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WOLVES of the SEA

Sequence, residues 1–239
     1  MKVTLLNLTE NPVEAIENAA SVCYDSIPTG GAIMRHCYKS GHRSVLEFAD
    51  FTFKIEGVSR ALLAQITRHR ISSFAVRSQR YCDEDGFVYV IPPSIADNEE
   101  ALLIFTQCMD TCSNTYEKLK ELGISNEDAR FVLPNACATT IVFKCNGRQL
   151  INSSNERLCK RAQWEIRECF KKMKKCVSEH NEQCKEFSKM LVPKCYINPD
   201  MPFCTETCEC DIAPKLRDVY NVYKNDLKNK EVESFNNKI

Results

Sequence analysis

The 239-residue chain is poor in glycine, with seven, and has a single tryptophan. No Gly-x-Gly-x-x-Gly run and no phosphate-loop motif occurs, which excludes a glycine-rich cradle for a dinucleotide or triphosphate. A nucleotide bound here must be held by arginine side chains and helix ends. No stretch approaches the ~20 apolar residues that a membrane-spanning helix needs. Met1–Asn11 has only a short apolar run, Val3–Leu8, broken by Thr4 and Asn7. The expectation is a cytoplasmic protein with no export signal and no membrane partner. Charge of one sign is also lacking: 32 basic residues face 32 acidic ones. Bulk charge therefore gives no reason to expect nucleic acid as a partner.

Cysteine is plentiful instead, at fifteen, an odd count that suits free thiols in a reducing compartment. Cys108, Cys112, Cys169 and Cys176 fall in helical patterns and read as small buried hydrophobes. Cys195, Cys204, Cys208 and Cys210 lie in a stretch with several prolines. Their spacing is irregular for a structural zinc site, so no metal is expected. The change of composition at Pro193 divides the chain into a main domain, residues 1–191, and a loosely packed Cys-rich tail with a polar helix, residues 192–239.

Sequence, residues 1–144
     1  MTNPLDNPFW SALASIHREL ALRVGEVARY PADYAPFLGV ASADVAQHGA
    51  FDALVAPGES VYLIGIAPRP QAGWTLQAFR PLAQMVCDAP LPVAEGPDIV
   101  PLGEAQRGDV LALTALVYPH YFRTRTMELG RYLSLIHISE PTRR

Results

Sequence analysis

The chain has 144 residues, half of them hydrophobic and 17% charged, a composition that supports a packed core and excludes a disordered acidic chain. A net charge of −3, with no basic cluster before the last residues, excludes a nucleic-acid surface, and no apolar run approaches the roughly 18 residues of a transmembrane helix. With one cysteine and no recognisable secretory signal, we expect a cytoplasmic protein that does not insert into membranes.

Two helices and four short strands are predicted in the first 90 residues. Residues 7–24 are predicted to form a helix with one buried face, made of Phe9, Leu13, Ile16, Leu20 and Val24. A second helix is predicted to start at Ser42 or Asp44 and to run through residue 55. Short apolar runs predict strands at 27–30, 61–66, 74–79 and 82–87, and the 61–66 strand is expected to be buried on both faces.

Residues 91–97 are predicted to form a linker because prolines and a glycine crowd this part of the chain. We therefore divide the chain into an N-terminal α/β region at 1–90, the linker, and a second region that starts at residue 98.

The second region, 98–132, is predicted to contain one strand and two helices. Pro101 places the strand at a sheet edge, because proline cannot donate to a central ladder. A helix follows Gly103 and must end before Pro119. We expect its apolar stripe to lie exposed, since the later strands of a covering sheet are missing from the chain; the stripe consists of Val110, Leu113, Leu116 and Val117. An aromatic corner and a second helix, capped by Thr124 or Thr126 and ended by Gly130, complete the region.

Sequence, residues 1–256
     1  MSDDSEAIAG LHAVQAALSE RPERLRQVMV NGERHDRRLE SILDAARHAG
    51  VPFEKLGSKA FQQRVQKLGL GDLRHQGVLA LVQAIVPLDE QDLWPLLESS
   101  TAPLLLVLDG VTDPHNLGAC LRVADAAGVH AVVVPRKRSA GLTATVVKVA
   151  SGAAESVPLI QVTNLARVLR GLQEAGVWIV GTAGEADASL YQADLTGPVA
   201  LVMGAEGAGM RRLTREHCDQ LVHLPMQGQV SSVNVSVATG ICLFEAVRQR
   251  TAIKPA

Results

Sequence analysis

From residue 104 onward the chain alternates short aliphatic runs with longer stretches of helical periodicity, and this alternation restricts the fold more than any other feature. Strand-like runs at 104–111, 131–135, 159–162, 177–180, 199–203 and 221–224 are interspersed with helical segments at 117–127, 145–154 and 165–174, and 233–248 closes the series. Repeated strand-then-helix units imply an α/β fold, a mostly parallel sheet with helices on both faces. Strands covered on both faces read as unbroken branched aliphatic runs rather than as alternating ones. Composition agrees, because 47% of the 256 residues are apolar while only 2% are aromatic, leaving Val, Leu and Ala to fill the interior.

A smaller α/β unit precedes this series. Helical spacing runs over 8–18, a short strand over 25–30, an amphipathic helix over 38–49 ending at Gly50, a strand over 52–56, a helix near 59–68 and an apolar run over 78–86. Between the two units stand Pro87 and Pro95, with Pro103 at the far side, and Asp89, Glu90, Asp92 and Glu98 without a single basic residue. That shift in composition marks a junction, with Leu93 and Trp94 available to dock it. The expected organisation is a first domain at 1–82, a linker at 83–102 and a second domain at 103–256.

by RANDIL PARRISH t//?owcxz^=? SYNOPBIS. CHAPTER I UeofTry Carlyle, mariner, seritenied to twenty yearn of servitude in the American colonies for complicity in the Monmouth rebellion, in pul übuard ship He sees aiuoux Hie passengers Dor oihy Fairfax of Maryland and a Spaniard calling himself Captain Sanchez CHAPTER 11—Life on the prison ship. CH \PTER 111—Carlyle meets Dorothy, who informs hliu her umle has bought his services. Carlyle and Sanchez (dash. CHAPTER IV—Some information con* meriting lilack Sanchez, pirale CHAPTKR V-The Fairfax party, now in its own sloop on the Potomac, encoun ters a mysterious bark, the Namur of Rotterdam. CHAPTER Vl—The Fairfax party lands for the night with a cheat of gold. Cailyle investigates a mysterious sail at midnight. •CHAPTER Vll—Carlyle discovers Cap tan Sanches is Black Sanches, planning to ••teal the Fairfax gold and abduct Dorothy. CHAPTER Vlll—Carlyle tights Sanches and leaves him for dead CHAPTER IX. A Swim to the Namur. ATI was black, hopeless; with head buried in my hands I xut on a thwart, dazed. Before me, pleading, expres sive of agonized despair, arose the sweet face of Dorothy Fairfax. No duiiht hy this lime ail was over—the dead body of Sanchez discovered, the projected attack on the house carried out, the two old men left behind, ei ther dead or severely wounded, and the girl home off a helpless prisoner. Ay, hut this I knew ; there was only one place to which the villains might flee with their booty—the Nainur of Rot terdam. Only on those decks aud well at sea would they he safe or aide to enjoy their spoils. The thought came to me In sudden revelatlou—why not? . Was not here a chance even yet to foil them? With Snnchez dead no man aboard that pirate craft could recog nize me. I felt assured of this. I had fought the giant negro in the durk; he could not. duriug that tierce en counter, have distinguished my fea tures any more clearly than I had his own. There was no one else to fear. | If only I might once succeed In get ting safely aboard, slightly disguised. , perhaps, and mingle unnoth-isl among the crew, the cliuncea were not had for me to pass undetected. Such ships carried large crews and were constant ly changing in personnel. A strange face ap|M>arlug among them need not arouse undue suspicion. And I felt ! eonvlnced I could locate the Namur. But could I hope to attain the ship in advance of the returning party of raiders? Hod helping me, I would try ! My brain throbbed with fresh resolu tion — the call to action. There were ours iu the boat. I slilpped the useless rudder inboard and chose my course from the stars. My boat hud drifted considerably fur ther out into the hay than I had sup- J posed, aud it required a good half hour of steady toll at the ours before 1 sighted ahead of me the darker out lines of the shore. At first I could Identlf.v nothing, hut Anally there and- | deirty arose, elearly defined, the gaunt limbs of a dead tree, hearing a faint J resemblance to a gigantic cross, thut j hud been pointed out on the sloop. . This peculiar mark was at the extrem ity of the first headland lying nortli of the fioint itself, and consequently j a straight course across the hay would land me within five hundred yards of j wiierfc the Namur hud last been at anchor. To a degree my Immediate plan of j action hud been definitely mapped out i within my own mind while toiling at the ours. I would beach my dory and strike out on foot directly across the I narrow neck of land. The Xuinur was not so far out from shore as to make swimming to her u dangerous feat, and I could approach und hoard her with fur less chance of discovery in that manner than hy the use of a boat. The greater danger would come after I laid attained the deck, wet to the skin. The sharp bow of the dory ran np on the soft sand of the beach, and I stepped ashore. Then there came to me the first real consciousness of the reckless nature of this adventure. As I faced then the probabilities there scarcely seeiued one chance In a hundred. And yet I must admit there was the one chance; and In no other action could I per* celTg even tMt much •qgpuyagtmeot. If Dorothy Fairfax was already In the hands of these men, then my only op portunity- for serving her lay in tny being close ut hand. No alternative presented Itself; no other effort couid lie effective. It was already too late to attempt the organization of a res cue party. No, the only choice left was for me either to accompany the girl or else uhimdon her entirely u> her captors. 1 must either face the possibility of discovery und capture, which us surely meant torture and death, or otherwise play the coward und remain Impotently behind. So 1 drove the temptation to falter away and strode on up the hunk into the black shadow of the trees. I found extreine.y hard walking as I advanced through tangled under brush. Fortunately the distance was even shorter than I hud a/iticlpated. li was not until after I had advanced cautiously into the wuter and then at«Mip«s| low to thus gain dearer vision along the surface that I succeeded in locating the vessel sought. Even then the Namur appeared only as a mere shadow, without so much as u light showing aboard, yet apparently an chared in the same iKndtion as when we had swept past the previous after noon. I waded straight out through the lines of surf, until all excepting the head became completely sub merged. If I were to reach the bark at ull this was the one opportunity. I stood there, resisting the undertow tugging at my limbs and barely able to retain my footing, intent upon my pur|»ose. Full strength had come ha<-k to my muscles und my head was again clear. With strong, silent strokes X swam forward, directly breasting the force of the incoming sen, yet making fair progress. Some un< oiisldered cur rent must have swept me to the right, for, when the outlines of the bark ugaiu became dimly visible through the night I found myself well to star board of the vessel. Stroking well under water and with only my eyes exposed above the surface, I changed my course to the left and slowly and cuiitlously drew In towurd the star hoard bow. A few moments later, un perceived from strove, and protected from observation hy the bulge of tha overhang and density of the shadow, Devising Some Means for Attaining the Deck. my hands clung to the anchor hawser, my mind busy in devising some means for attaining the deck. CHAPTER X. On the Deck of the Namur. It was here that fortune favored me, strengthening my decision and yield ing a fresh courage to persevere. Forking out directly over where I clung desperately to the wet hawser, 1 my eyes were üble to trace the bow- , sprit, the ruther loosely furled up Jib , (lapping ragged edges In the gusts of j wind. Suddenly, us 1 stared upwurd, , I be.-llme aware that two men were working tlielr way out along the foot ropes, and. as they reached a point al most directly over my head, became »*» , **Uy engaged In tightening the gus- J v*r« to bttttr ••curt the lpo|«atng sail. The foot of oue slipped, and he hung dangling, giving vent to a stiff English oath before he succeeded in hauling himself back to safety. The other indulged in a chuckling luugh, yet he was careful not to speak loudly. "Had one drink too many, Tom?” he asked. "That will pay yer fer fin lullin' the bottle an’ never glvln* me unother sup.” "You, h—l! Yer Tied the fu’st ov It. Thar’s no sorter luck yer don’t git yer fair share of. Bill llalnes—trust yer fer thet. What I ain't got straight yet la whar thet stuff cum from so easy." "That wus part o’ the luck, Tom. Did yer git eyes on thet new feller Manuel Estevan brought back with him in the boat?” “The one you and Jose carried aboard?" "He’s the lad. Thar wu'n’t nothin’ the matter with the cove, 'cept he wus ilead drunk. We wus waitlu' on the beach fer Estevan. an' three fellers he lied taken along with him Inter town ter cum hack—the nigger, Jose an* me—when fill- yere chap hove ‘longslde. He never hailed us, ner nuthln’; Just dim over into the boat, an' luy down. I shook him, an' kicked him', hut it wn’n’t no use; so we Just left him lie thar fer Manuel ter say whut wus ter he done with hliu. Only Jose he went through his pockets an! found three bottles o’ rum. We took a few drinks an’ hid whut wus left»lu the boat locker.” "So thet's how yer got It l Who wus the party?" “Thet’s more’n I’ll ever tell yer. I never got no sight o’ him, 'cept In the dark. ’Bout ull I know Is he wus white, an’ likely a sailor. Kuyhow, when Mnnuel got buck he told u.«c to huul the lad forrurd out o' the way. un' fetch him ulong. So we pulled out with the feller caddied up lu the bow.” "I never seed nothin' more of him after he was hauled aboard. Whut become o’ the lad?” "Him? Oh. Jose an’ me carried him Inter the for’cassel, an' shoved him Inter a berth fer sleep off his liquor. Thet wus the last I ever see er hear o' him fer 'bout six hours, when this yere feller must a woke up In the for’- cassel sum crazy. He cuin a chargin’ out on deck, whoopin' like an Indian, wavin’ a knife iu his bund. Intendin’ fer ter raise h—l. Well. It happened thei the fu'st feller he run up against wus LeVere. who wus cumin’ forrard fer sumthln’, an’ fer about a minute thar was one h—l ova fight. It was so dark I couldn’t tell whut did hap pen. but It wus fists mostly, till the mate drove the ftoor devil, cussln* like mad, over agin the rail, an’ then heaved him out Inter the water 'long side. I beerd the feller splash when lie struck, but he uever let out no yell.” "What did LeVere do?" "Him? He didn’t do nuthln’. Just stared down over the rail a bit. nn' then cum back, rubbln’ his hands. Never even a«ked who the feller wus. Thar ain't nutlilu' kin skeer that black brute." "He ain’t got no human lu him. It’s h—l when English sailonnen hes got ter take orders from a d d nigger. an’ be knocked ’round If they don't Jump when he hurks. He’s goln’ ter get a knife In his riba sum day." "Maybe he Is; hut yer better hold yer tongue. Toni. Sanchez don’t stand fer thet talk, an' he’s hack o’ LeVere. Let's go lu; them gaskets will hold all right now—cum ’long.” I could now perceive now clearly the character I was destined to assume when once safely ahourd the Namur. Such an assumption would Involve but slight danger of discovery, if was as though a miracle hud opened the way, revealed to me hy the unconscious lips of these two half-drunken, gossiping sailors. The story told fitted uiy ne cessities exactly. Hud I planned the circumstances myself nothing could have been better prearranged. No one on board had seen the missing man by daylight; he was believed to have sunk without a struggle. Yet no one knew positively thut this was so, be cause no one cared. The death of the lad had simply been taken for granted when LeVere had failed to see his laaly rise again to the surface. Yet It was quite wlthiu the realm of possi bility for the fellow to come up once uiora In that durkness, beyond Le- Vere’s range of vision, and even to have remained ad- at. buoyed up hy clinging to the anchor hawser, until strong enough to return on board. At least there was no one aboard the Na mur able to deny that this had been done. Satisfied by this reasoning of being j uhle to pass myself off as the dead man. I began slowly and cautiously to drag myself up the tuut hawser. I had chosen a fortunate moment for my effort ; no one heeded the little noise I made, and. when I finally topped the rull und was able to look Inboard It was to discover a deserted fore deck, with the watch all engaged at some task amidships. I crept down the fore cast le ladder and worked my way aft beneath the black shadow of the port rail, until able thus to drift unnoticed j into u group tailing onto a rauinsall slyard. The fellow next to me. wltli- (Continued on ptfe 6) A. N. PARRISH, President J. H. THATCHER. Vice »’•*.*»... J. F. MAURER. Caahiei NO. 3749 FIRST NATIONAL BANK OF LAMAR. ESTABLISHED JULY 9. 1887 LAMAR. COLORADO CcpiLal Stock - $50,000. Surplus - $50,000. DIRECTORS: JOHN F. MAURER JOHN H. THATCHER LEWIS BAKNUM A. N. PARRISH G. F. TROTTER C. M. LEE B. T. McCLAVE R. E. ADAMS President Vice Pres. Cashier. CAPITAL - - - • $50,000 SURPLUS - - - - $35,000 Lamar National Bank MEMBER FEDERAL RESERVE BANK LAMAR, COLORADO DIRECTORS: B. T. McCluvc Ray Adama M J. McMillin C. M. A. Bests i We want your business, larg ? and small, and offer every faiciity consistent with safe and conservative banking Accounts Received Subject to Check Money Orders Bold J. M. WILLIAMS, Pres. L. J. BORING, Cashier ( HAS. MAXWELL, Vice Pres. J. I). SPOONER. Asst. Cashier Citizens State Bank LAMAR, COLORADO Capital Stock $35,000 Surplus $17,500 We invite you to transact your bus.ness with this bank, and eiideavwr to give prompt service by personal and courteous treatment to our customers. DIRECTORS —J. M. Williams, Charles Maxwell, Geo. A. Everett, L. J. Boring. I. L. Maxwell. SAFETY DEPOSIT BOXES All Thieves There. Sii|H*rtnt«‘udeut Q ilrn of Scotland Yard, who retired a few weeks ago, once remarked qulzzieally that If a man wanted to go iu for picking pock ets he could not select s better place for the operation thau rteven Dials, London. "Why?*' queried an Interested listen er. "Well, you see," replied Quinn, “supposing the pickpocket Is detected In the act, he will uaiuiully start to nth away.” "Naturally! But what then?” "Then," pursued Quinn, * someltody Is sure to shout ’Stop thief!’” "Very probably,” retorted Ids Inter locutor. "But what thru?” "Why, thou," concluded Quinn, triumphant ly. “be will get awMy. For directly the c»-y of ‘Stop thief!’ is raised In the Seven Disls, everybody starts running, und nobody can tell which Is the particular thief who Is •••-nted.” NOTICE OF SHERIFF'S SALE Stale of Colorado > >ae. County of Prowers > IN THE DISTRICT COI-'BT. J. Bussell Mayfield, ss Public I Trustee of the County of > Prowers, Slat® of * ’dorado, t mid C. M. Dinius. cestui que ) trust, ) PlMintifr*. > vs. ) The Estate of John V Medwlck. » deceased; L. M. Hedwlclc. Ad- I minis! ratrlx. > Defendant. ) WHEREAS. John A. Sedwick. i>y « deed of trust dated the 17th day of April. 1918. which is recorded in Book 110. ul page 109. of the records in tin office of ihe County Clerk and Record er of Prowers County. Colorado, duly conveyed to the Public Trustee in ami for mi id County of Prowers. State of Colorado. the follow in* described real estate in said County and State. to ‘Lol Foui (l> in Block "E" in the West Side Addition to the Town of ■■ Lamar. Colorado. a« shown by the ■ recorded plat thereof «>n file In th« office of the County Clerk and Re corder of said Prowers County, I Colorado; which deed of trust was made to se cure the payment of his promissory note ol even dale with Mild deed of trust for the sum of Five Hundred Dollars i $&(•'».U0). payable to the order ~f «\ M. Dinius six months after the date thereof, with Interest thereon at ten per cent per annum, together with i ten per cent on the amount due as ut- I torm y’s fees, as Is more particularly set forth In said deed of trust, refer ence to which is hereby made for great- i er certainty; and Whereas, said deed of trust was made subject to a prior deed of trust to the 1 Public Trustee for the use ol the Lu mar Building and Doan Association, w hich said prior deed of trust was re corded in Book 109. at page 117 there of of Hie records in the office of the County Clerk und Recorder of Prow-.' era County. Colorado, and Whereas, the amount due and owing under said prim deed of trust is the i sum of about Four Hundred Seventy two and 89-100 Dollars, and whereas, said prior deed of trust is unreleased, and the indebtedness for which it was given to secure remains unpaid, and whereas the said John A. Sedwick died . on or about the 3lst day of November. A. P. 1918. intestate, and whereas. L. M. Sedwick was duly appointed and qualified as the administratrix of the estate of John A. Sedwick. deceased. In the County Court of the County .»i Baca. State of Colorado, on or about the lltli day of December. 1918, and is now the duly authorized, empowered and qualified administratrix of said es tate. and whereas said note, is afme laid, made payable to the order of c \|. Dinius. Is past due and unpaid, and Whereas the sum ol Six Hundred two and 56- 100 Dollars remains due and un paid under and by virtue of said lot* given hy said John A. Sedwick to C M. Dinius. and whei.-as un ordet lias been heretofore, and on. to-wit, the 15 th day of April. 191 •. entered hy the Honorable A F. tloilcnbeek. Judge of the District Court, silting in and loi Prowers County, In llie matter in whn li J. Bussell May Held a- Public Trustee of the County ol Prowers. Slate of Colorado, and C. M Dinius. cestui que irust. were plaint .ft -. and the estate •if John A. Sedwu k. deceased, I. XI M-ilwitk Administ i 1 1 ri\. wa» defendant, directing and commanding the under • igned, the Sheriff ol ilic County m Prowers, Stale m Colorado, to sell »l public sale, lot c..sh, ihe Mild property hereinbefore described for the purpose of realising th* -aid sum of Six Hun dred two and ■"•*.-I*Mi Dollars (ROJ.'iM, together w ith e.. .i> of suit and coats of sale: Now. Therefore, under, by virtue, aud in pursuance ol ml order so, as i.fme •ald. entered by <»>• Honor abb \ I Hollenocf k as Judge of the Diali Id Court, sitting in and lor Prowers four, ly. Colorado. I. the und.-r >ig m-d. Hherlft hi and for Die County ol Pmwei* and State of Colorado, do t.eiehy give notice that I will, at the hour <>i ten of lock in the forenoon, on Aloud:. Ih» .'till, day of May, 1919. -th- west front door of lit.- count» court house in the City of Lamar. ;h.-i • >unt ol Pr-nvo sell at public ... the high® I and best bidder lor • • h. th*- -ml ••- - scribed premises, ami •!! the ugh l title and Intel*.-t m the • -mte ol John V. Sedwick. decea-ed. in <nd to -ant property, for the pmpvs. «,r paying aanl aim of Six Hundred two and •>•■-1"'- Dollars. together with the it.teict • hereon from the 15th day of April 1919. together w Ith the costs of sale ind th® costs of suit, said sale, how ever, to be made subject to said prior deed of trust, and will deliver to tl.s purchaser a certificate ol sale as pro vided by law. I. C DOWNIN'!, SheriiT of Prowers County Colorado. First Pub.. April 1*». 1919. Past Pub. May JO. 1919. Notice of Final Settlement Determ mination of Heirship. I Estate of Edward J. Phelan. Deceas ed. No. 1560. Notice is hereby given that on the second day of June, A. L>. 1919, th* undersigned will present to the County Court of Prowers County. Colorado, her account for final settlement of admin istration of raid estate, when and where r. 11 persons In Interest may appear ami object to them. If they so desire. Notice is also hereby given that *|> plication for the deter initiation of heir ship of said Edward J. Phelan, decease! lias been made und that the Court wii! on said date hereinbefore mentioned or at any time to which the hearing may he continued, proceed to ascertain and determine who an- the heirs •-. the said Edward J Phelan, deceased, and as such entitled to inherit an lands. tenements. hereditaments m .other property, real or personal, con stituting all or a part of the Estate m the said Edward J. Phelan, deceased and enter a Decree accordingly. >t which hearing all persons claiming i«> be heirs at law of said deceased rnu appear and present their proof THERESA A. PHELAN. Administruti ix J. K. Doughty. Attorney. First Pub.. April lb. 1919. Last Pub., Hay 7, 1919.